What You Need To Know About The Iceman's Curse

High in the Ötztal Alps of Southern Austria, a muscular and heavily-tattooed man lay down in the snow, finally ready to die. He was likely in a lot of pain. He was probably deeply exhausted after losing a desperate fight to the death against several unknown attackers. And there he lay, crispy fresh and with a belly full of goat bacon (breakfast trivia courtesy of Phys.org), for the better part of 53 centuries. This individual's fatally bad luck became science's incredible good fortune when his remains were discovered in 1991, stunningly well-preserved and offering a treasure trove of insight into what life was like in the Neolithic Period.

After three decades or so of scientific poking and prodding, we know an almost uncomfortable amount about Otzi — as he would later be nicknamed in recognition of the fact that he bit his last bacon in the Ötztal Alps. As National Geographic reports, we know he had hardened arteries, worn joints, gallstones, parasitic worms, and frostbite. Oh, and he was dealing with a touch of arsenic poisoning, likely from working with metal ore. So it's probably fair to observe that his health wasn't optimal for battles to the death in subzero conditions. Astonishingly, we even know he has at least 19 living relatives, the closest of whom, Live Science reports, likely live in present-day Sardinia — land of tinned fish and cut-price housing.

The Iceman's curse

So what of this talk of curses?

Let's flashback to 1991, when the first team of scientists began their pokings and pryings into the life and death of the mysterious Iceman. According to The Independent, Rainer Henn, a forensic pathologist, was the first scientist to touch Otzi when he transferred his remains to a body-bag. Dr. Henn died in a head-on collision in 1992, en route to a conference where he planned to present his stunning findings (yes, including the thing about goat bacon). Shortly afterward, the mountaineer who helped Dr. Henn reach Otzi's remains would experience a fatal convergence of gravity and geology when a large rock fell on his head. Then the journalist who filmed Otzi's extraction died of a brain tumor.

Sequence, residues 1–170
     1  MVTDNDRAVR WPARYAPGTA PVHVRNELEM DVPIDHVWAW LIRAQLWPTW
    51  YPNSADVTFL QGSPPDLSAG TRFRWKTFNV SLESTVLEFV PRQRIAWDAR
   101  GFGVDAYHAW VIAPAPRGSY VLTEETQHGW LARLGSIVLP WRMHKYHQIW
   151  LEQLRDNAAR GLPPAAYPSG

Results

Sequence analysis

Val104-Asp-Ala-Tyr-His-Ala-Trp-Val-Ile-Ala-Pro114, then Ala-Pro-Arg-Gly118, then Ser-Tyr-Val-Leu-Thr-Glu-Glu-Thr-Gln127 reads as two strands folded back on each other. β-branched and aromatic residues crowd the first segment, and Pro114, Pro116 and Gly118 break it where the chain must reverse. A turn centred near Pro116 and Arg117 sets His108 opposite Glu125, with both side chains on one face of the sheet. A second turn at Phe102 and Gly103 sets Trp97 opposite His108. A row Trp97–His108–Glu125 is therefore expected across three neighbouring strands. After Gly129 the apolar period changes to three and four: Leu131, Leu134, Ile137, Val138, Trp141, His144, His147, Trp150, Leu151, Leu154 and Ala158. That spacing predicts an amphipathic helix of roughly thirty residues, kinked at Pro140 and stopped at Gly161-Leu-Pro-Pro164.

So that's three deaths, with two of them probably cinematic enough to flesh out a decent first act, if Otzi's Curse were a B-grade horror movie.

The Iceman cometh

It gets "cursier." The Guardian reports that Helmut Simon, the man who first stumbled across Otzi's long-frozen visage, disappeared on a hike. He was later discovered at the base of a 300-foot tall cliff, leaving little doubt that his final few seconds involved rapid movement between two fixed geographical points on a vertical plane. Adding to the whole ancient curse vibe, Helmut reportedly died a bitter man, resentful that his find had not brought him rewards and acclaim. Then the man who helped find Helmut died while attending his funeral, and Konrad Spindler — the then-leading expert on the Iceman — also died suddenly. Speaking about the curse, Spindler is on record as saying: "I think it's a load of rubbish. It is all a media hype. The next thing you will be saying I will be next." Awkward.

Which brings us to the seventh and last known case of the Iceman's Curse (so far). In 2005, the scientist whose analysis of Otzi revealed so much about the doomed man's likely final moments was found dead in his home. The Independent article reports that the autopsy ... proved inconclusive.

If you weren't keeping count, that's a total of seven unusual deaths among people directly involved with Otzi. Given the scores of archaeologists, mountaineers, and journalists involved in studies of the Iceman over the years, Otzi's hit-rate isn't likely high enough to warrant full-blown panic. But maybe think twice if you're ever asked to participate in research involving goat bacon.